Also provided are compositions and methods for expressing metallothionein genes in plants, plant cells, and plant tissues. The compositions comprise nucleotide sequences for the expressed region of the MT gene, which comprise the nucleotide sequences encoding the metallothionein polypeptide. These sequences are useful in transforming plants for tissue-preferred or constitutive expression of metallothionein. Such sequences find use in modulating levels of metal ions in plants and plant tissues.

Expression cassettes comprising the sequences of the invention are provided. Additionally provided are transformed plant cells, plant tissues, and plants.

BRIEF DESCRIPTION OF THE DRAWINGS

FIG. 1 depicts a construct used for Agrobacterium-mediated transformation utilizing an MT promoter of the invention.

FIG. 2 depicts root-preferred expression of the MT gene of the invention, relative to other genes.

FIG. 3 depicts tissue distribution of expression of the MT gene of the invention relative to a second MT gene.

DETAILED DESCRIPTION OF THE INVENTION

The invention relates to compositions and methods drawn to plant metallothionein(MT) genes and methods of their use. The compositions comprise nucleotide sequences for the promoter region of the MT gene of the invention, as well as the nucleotide sequences for the expressed regions of the gene.

The MT promoter sequences of the present invention include nucleotide constructs that allow initiation of transcription in a tissue-preferred, more particularly in a root-preferred manner. Such constructs of the invention comprise regulated transcription initiation regions associated with plant developmental regulation. Thus, the compositions of the present invention comprise novel plant promoter nucleotide sequences, particularly root-preferred promoter sequences for the MT gene, more particularly a maize MT promoter sequence. The sequence for the maize MT promoter region is set forth in SEQ ID NO:1.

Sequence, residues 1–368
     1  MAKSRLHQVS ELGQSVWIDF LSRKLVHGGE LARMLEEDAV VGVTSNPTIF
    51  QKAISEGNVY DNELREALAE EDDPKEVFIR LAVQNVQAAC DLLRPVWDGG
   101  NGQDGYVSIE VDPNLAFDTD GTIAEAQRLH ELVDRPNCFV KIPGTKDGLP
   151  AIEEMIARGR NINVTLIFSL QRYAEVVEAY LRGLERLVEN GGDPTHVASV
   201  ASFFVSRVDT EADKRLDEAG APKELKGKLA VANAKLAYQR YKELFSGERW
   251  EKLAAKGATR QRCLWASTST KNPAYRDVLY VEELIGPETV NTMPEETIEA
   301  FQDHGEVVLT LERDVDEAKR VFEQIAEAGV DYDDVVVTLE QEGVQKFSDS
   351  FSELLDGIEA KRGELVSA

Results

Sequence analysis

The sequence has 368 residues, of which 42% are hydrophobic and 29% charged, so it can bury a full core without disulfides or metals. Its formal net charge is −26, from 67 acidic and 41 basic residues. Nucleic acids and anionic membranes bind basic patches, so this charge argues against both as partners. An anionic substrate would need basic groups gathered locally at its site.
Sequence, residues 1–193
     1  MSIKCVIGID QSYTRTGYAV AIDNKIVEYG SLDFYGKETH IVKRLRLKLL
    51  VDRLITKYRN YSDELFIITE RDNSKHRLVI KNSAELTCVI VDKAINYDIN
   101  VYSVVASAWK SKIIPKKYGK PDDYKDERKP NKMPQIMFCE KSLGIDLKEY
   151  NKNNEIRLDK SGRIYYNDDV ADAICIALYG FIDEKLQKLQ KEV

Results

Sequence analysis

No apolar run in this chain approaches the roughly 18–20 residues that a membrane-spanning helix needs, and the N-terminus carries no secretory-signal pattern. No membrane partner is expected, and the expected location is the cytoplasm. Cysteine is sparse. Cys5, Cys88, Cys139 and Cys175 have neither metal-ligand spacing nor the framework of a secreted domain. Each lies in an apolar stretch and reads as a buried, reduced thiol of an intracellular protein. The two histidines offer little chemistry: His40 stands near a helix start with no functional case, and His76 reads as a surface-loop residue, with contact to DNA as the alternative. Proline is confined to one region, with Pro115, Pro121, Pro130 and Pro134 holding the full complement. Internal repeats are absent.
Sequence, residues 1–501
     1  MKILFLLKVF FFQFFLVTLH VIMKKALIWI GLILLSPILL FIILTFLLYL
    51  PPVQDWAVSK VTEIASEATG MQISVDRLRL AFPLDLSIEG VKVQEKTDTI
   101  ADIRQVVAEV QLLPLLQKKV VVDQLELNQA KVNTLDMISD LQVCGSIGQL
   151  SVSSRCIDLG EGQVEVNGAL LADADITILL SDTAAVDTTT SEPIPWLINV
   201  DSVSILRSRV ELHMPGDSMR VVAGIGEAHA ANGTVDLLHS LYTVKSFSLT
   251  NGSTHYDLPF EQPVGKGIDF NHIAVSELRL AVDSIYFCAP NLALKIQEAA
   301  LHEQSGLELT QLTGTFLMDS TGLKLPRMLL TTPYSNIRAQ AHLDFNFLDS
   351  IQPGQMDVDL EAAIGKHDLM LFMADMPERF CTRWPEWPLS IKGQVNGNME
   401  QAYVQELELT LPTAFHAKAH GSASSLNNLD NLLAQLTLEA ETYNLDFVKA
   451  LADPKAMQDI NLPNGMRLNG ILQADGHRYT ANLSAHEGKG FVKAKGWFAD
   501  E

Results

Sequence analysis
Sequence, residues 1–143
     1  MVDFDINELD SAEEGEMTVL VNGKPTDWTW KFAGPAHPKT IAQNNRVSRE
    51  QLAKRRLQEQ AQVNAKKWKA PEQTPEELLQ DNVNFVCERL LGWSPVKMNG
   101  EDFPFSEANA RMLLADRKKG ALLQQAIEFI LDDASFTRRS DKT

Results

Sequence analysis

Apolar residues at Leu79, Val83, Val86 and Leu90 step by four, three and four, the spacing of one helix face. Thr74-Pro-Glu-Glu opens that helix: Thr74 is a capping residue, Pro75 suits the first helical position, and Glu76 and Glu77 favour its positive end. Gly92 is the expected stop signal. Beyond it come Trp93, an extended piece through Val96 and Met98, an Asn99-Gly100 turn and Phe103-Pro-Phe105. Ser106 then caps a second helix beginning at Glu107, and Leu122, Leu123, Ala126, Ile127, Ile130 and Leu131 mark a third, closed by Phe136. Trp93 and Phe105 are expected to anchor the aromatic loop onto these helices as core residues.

Also provided are compositions and methods for expressing MT genes in plants, plant cells, and specific plant tissues. Such compositions are nucleic acids and proteins relating to MT or MT-like genes in plants. More particularly, nucleotide sequences encoding maize MT and the amino acid sequences for the proteins encoded thereby are disclosed. The MT gene encodes a protein involved in binding and sequestering metal ions. The MT protein contains known Cys-rich motifs. The maize MT gene is abundantly expressed in maize root tissue. Nucleotide sequences for the expressed region of the maize MT gene comprising the MT coding sequences are set forth in SEQ ID NO:2. The maize MT polypeptide sequence is set forth in SEQ ID NO:3.

Compositions of the invention include the nucleotide sequences for the native MT promoter and expressed regions, the MT amino acid sequences, as well as fragments and variants thereof. The nucleotide sequences for the expressed region of the MT gene or corresponding antisense sequences find use in modulating the expression of metallothionein in a plant or plant cell. That is, the coding sequences are used to increase the expression while antisense sequences are used to decrease expression. The promoter sequences of the invention are useful for expressing sequences in a tissue-preferred, particularly a root-preferred manner. The sequences of the invention also find use in the construction of expression vectors for subsequent transformation into plants of interest, as probes for the isolation of other MT-like genes, as molecular markers, and the like.